The woman in the waiting room
NOT all profound ideas came from Einstein. At least one profound idea came from Epstein, and I may have the name wrong at that.
Sitting in one of those garage waiting rooms, hoping for the resurrection of my car to be announced, I found myself watching a soap opera on the television at one end of the room. The set was kept on continuously for the mollification of any rebellious customer who happened to arrive in a steaming snit. (I myself had arrived in an ailing Buick.) There were about 10 in the room, all watching the screen in stony-eyed mollification.
A nicely groomed, middle-aged woman sat next to me, nipping on peanut butter crackers which she had acquired from a nearby machine only after hitting it for refusing a Canadian quarter.
She offered me a cracker by way of seducing me into conversation.
''My late husband wouldn't watch television,'' she said.
''I'm sorry,'' I said, hoping the reply was adequate.
''What's wrong with television?'' she demanded.
The question suggested a conversation so vast, so erudite, and so unpleasant that it seemed out of place in the anteroom of a garage. So I just shrugged it off.
''Nothing,'' she said by way of an answer. ''I am one of those people who happen to like television.''
This is probably where I should have said, ''I'm sorry.''
She paused, delicately removing a crumb from the corner of her mouth with a middle finger. On the TV screen a bearded doctor had just enticed the young nurse into an empty room and was covering her with whiskered kisses, unaware that the nurse's brother, an escaped con, was hiding in the closet with a revolver.
''It's strange,'' she continued, ''that nobody likes television but everybody watches it. I can't understand that. It's educational. It stabilizes America.''
I hadn't heard a statement so filled with sweeping assurance since we bought a vacuum cleaner from a salesman friend of my wife's.
''America needs something to stabilize it, don't you think?''
At this propitious moment the garage announcer, in well-modulated voice - which no doubt added $8 to my bill - activated the loudspeaker and said, ''Mr. Le Pelley's car is ready.'' Then he added, ''Will Mrs. Epstein please contact the parts department about her missing spring.'' A fitting comment, if I ever heard one.
That was that. We both rose and went our separate ways. I heard a shot on television as I departed, which no doubt had a stabilizing effect on somebody.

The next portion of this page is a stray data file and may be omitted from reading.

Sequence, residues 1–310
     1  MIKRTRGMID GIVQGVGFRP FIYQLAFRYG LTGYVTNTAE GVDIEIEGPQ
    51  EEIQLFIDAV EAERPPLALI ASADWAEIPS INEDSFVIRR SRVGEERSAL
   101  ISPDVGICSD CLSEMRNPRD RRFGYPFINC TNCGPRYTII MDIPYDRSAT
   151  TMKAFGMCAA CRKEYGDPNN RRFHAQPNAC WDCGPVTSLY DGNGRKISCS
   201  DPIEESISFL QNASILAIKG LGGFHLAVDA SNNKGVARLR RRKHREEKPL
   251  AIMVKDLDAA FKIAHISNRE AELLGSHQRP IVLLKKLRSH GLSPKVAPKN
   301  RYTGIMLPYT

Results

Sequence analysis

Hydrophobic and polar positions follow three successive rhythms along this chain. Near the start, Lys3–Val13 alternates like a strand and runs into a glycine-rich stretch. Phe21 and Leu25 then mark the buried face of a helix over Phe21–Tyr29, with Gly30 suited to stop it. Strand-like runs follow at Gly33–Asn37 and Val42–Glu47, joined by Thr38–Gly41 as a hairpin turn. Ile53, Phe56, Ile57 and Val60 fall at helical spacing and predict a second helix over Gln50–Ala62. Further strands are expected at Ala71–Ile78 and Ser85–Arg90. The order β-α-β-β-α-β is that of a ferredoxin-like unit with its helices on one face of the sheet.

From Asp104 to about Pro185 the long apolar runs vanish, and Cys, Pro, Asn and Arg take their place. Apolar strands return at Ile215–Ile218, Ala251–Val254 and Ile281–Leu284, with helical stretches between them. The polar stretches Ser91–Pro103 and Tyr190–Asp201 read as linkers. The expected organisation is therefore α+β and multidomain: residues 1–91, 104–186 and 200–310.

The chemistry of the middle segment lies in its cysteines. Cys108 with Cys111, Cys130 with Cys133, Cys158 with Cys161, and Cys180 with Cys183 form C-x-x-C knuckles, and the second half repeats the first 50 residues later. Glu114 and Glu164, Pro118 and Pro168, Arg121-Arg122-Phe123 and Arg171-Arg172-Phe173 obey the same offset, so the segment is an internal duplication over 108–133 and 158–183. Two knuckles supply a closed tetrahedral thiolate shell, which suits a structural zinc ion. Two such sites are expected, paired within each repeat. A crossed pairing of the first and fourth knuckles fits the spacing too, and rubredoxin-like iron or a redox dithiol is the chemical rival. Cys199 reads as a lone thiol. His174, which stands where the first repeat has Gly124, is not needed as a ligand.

But my world had been upset. Was it possible, I wondered, that television, this nearly imbecilic portrayer of frayed modern ethics, could be a force for stabilization in America?
Before television, how many of us had any idea of the grisly things going on in business offices, hospitals, and hotels all over the world? Now we know, and we know how to deal with them.
For instance, if one's daughter happens to fall in love with some commie-biochemist who is endangering humanity's normal genetic patterns, or one's wife is being blackmailed because she engaged in illegal Bingo games 25 years ago, television gives us the answer.
The correct procedure is to meet with a darkly attractive woman in a dimly lit restaurant, where you won't be recognized, and talk it over. However, it is almost certain you will be overheard by a dissolute private eye who recognizes you as one who shared a cab with a wet blonde on a rainy night in Hackensack.
But there is no unacceptable violence. The clever way television has eliminated violence is worthy of some notice.
It is done by the destruction of automobiles. Americans love their automobiles. They are like members of the family. So cars are murdered instead of people.
At least five cars are smashed in every episode. They are blown up, driven over cliffs, and banged into other cars in such a way that they tumble, slide, and dance all the way to destruction in slow motion.
But no people get hurt. They are always pulled free five seconds before the car explodes.
So I've been thinking about it. Maybe America is becoming stabilized by television.
I hope so. Because, if it isn't, a lot of good automobiles are being smashed up for nothing.